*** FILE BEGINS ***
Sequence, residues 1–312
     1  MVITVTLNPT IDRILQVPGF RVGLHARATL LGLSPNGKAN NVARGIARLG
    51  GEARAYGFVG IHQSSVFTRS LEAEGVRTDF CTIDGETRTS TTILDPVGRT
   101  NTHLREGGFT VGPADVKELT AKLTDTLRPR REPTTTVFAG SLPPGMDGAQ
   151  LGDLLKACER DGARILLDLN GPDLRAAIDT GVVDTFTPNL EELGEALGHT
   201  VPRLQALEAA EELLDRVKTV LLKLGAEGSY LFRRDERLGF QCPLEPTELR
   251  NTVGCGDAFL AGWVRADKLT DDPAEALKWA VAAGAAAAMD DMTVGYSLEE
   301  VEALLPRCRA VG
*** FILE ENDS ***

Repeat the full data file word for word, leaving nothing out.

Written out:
Sequence, residues 1–312
     1  MVITVTLNPT IDRILQVPGF RVGLHARATL LGLSPNGKAN NVARGIARLG
    51  GEARAYGFVG IHQSSVFTRS LEAEGVRTDF CTIDGETRTS TTILDPVGRT
   101  NTHLREGGFT VGPADVKELT AKLTDTLRPR REPTTTVFAG SLPPGMDGAQ
   151  LGDLLKACER DGARILLDLN GPDLRAAIDT GVVDTFTPNL EELGEALGHT
   201  VPRLQALEAA EELLDRVKTV LLKLGAEGSY LFRRDERLGF QCPLEPTELR
   251  NTVGCGDAFL AGWVRADKLT DDPAEALKWA VAAGAAAAMD DMTVGYSLEE
   301  VEALLPRCRA VG